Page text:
It must have been a case of trying too hard, because the international conference organized by India — or shall we say, the Congress party — on nuclear disarmament this week petered off so tamely. Prime Minister Manmohan Singh was commandeered to deliver the inaugural and vice-president Hamid Ansari the valedictory address, but between the lines, the message was rather simple: This was Rajiv Gandhi’s idea 20 years ago, and that is why we are here today.
And therein lies the rub. The Congress party clearly wants some of the credit that has widely accrued to the Bharatiya Janata Party (BJP), which took India across the nuclear threshold 10 years ago. Since it cannot rewrite history, the Congress thought it could do the next best thing. Get the ministry of external affairs (MEA) to invite nuclearwallahs from all over the world to discuss Rajiv Gandhi’s plan, sending the message that it was the Congress which had first thought of it. Clearly, it must be the heat that’s done this to the Congress, the heat of the several forthcoming elections and the depression generated by losing Karnataka. (It seems the Congress working committee meeting actually discussed the issue for four hours.)
On the inaugural day of the conference, there was no one from the BJP in the audience. Turned out later that an invitation had been sent to Jagmohan, minister for urban development during the NDA government, in his capacity as a member of the Indian Council for World Affairs (an autonomous body under the MEA and a co-organizer of the event), just as invitations had been sent to everyone on the ICWA’s board. Neither Jagmohan nor anyone else from the BJP showed up. Either they hadn’t bothered, or the Congress/MEA/ICWA hadn’t pursued their invitees. What a strange and empty thought that was! To hold a wedding party, call guests from all over the world and serve great food (at the Maurya hotel), but you know what, umm, we don’t know if the bridegroom’s coming or not. Problem with the Congress is that it doesn’t have the large-heartedness or the grace to allow someone else the credit for something that accrues to the national interest. The nuclear tests may have been conducted by the BJP, but it is India to which the credit goes.
In fact, the Congress could have well turned the occasion into a national celebration by inviting senior BJP leaders like L. K. Advani to talk about the Pokhran experience. Imagine the publicity that would get the Congress! The party could rightfully point out, as India’s foremost strategic thinker K. Subrahmanyam has done so often before, that the BJP was only able to carry out the tests at Pokhran because Rajiv Gandhi had ordered India’s scientists to start work in earnest on the nuclear programme in 1989.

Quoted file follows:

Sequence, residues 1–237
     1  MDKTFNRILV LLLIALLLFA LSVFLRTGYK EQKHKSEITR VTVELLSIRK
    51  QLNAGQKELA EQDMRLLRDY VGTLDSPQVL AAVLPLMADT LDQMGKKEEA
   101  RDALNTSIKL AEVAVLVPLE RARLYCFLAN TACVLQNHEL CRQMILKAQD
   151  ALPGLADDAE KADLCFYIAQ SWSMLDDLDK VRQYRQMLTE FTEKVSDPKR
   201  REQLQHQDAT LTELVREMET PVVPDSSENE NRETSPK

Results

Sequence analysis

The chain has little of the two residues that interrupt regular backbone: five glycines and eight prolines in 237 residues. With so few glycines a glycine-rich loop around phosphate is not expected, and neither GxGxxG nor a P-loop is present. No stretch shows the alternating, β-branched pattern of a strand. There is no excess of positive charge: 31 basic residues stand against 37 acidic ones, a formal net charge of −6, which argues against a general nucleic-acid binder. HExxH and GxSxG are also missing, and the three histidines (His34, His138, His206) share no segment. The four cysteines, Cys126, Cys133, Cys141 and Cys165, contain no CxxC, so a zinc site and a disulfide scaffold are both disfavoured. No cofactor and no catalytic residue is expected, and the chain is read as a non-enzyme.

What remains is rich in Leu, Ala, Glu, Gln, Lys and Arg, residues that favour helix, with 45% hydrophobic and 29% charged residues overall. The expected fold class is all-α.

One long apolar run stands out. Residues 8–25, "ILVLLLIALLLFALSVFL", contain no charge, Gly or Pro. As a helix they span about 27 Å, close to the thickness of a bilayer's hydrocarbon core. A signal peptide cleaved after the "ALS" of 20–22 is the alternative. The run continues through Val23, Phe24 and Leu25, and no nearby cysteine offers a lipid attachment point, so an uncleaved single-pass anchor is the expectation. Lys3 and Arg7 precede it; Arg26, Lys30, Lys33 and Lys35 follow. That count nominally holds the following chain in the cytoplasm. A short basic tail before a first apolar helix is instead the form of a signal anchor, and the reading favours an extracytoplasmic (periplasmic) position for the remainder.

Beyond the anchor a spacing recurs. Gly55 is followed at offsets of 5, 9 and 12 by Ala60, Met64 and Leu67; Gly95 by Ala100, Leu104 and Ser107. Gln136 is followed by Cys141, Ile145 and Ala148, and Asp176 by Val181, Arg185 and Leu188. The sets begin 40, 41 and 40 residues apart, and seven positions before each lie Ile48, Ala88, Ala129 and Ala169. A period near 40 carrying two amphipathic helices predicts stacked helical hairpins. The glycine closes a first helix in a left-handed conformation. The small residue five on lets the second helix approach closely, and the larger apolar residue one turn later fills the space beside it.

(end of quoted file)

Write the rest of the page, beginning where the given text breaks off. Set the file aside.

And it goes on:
Meanwhile, the message sent to the international community — if both Advani and Manmohan Singh spoke from the same podium — would have been so stronger. Here was India, speaking with one voice and from a position of (nuclear) strength, in favour of abolition of nuclear weapons.
Unfortunately, the reality was much more confused. Prime Minister Manmohan Singh invoked the Rajiv Gandhi plan, but he must have had the Indo-US nuclear deal in mind when he spoke about India not having the luxury of limiting its energy options. Meanwhile, minister for panchayati raj Mani Shankar Aiyar, who had helped Rajiv Gandhi draft his action plan, told the audience that, according to him, India should not have gone nuclear in the first place.
So how did one disassemble this messy potpourri? Here was the Prime Minister, who clearly continues to believe that the nuclear deal is good for India, except that everyone also knows that such a deal with the US would have remained an early morning dream if the BJP had not exploded the bomb 10 years ago. So while the Congress may desperately want the deal, they’re unwilling to bite the Left bullet. As usual, K. Subrahmanyam had an answer. He pointed out that it didn’t matter if the BJP and the Congress agreed or not over sharing credit, the important thing was to get on with it. Now that India had gone nuclear, he said, the key thing was how to leverage strength in favour of marshalling our several traditions of non-violence.
Subrahmanyam pointed out that the much-vaunted op-ed article by Henry Kissinger, Sam Nunn, George Shultz and William Perry in the Wall Street Journal recently, in which they talked about a nuclear weapons-free world, was actually an inadequate and incomplete thought. The point was that the big powers must be persuaded to look at the concept of power in different ways, Subrahmanyam said, and that India must take the lead in doing so.
The realist in Subrahmanyam didn’t need to add that at least in our lifetimes this seemed like a pipe dream. But if, as he implied, India led the abolition campaign—didn’t matter which political party took the credit—then India would have to be part of any international conference/seminar/thought process that involved nuclear non-proliferation as well as disarmament. At least for the next 50 years, if we played this right, India’s strategic guru seemed to be saying, no one would be able to sideline India on this score.
Jyoti Malhotra is Mint’s diplomatic affairs editor and writes on the intersection of foreign policy, trade and politics every week. Comments are welcome at firstname.lastname@example.org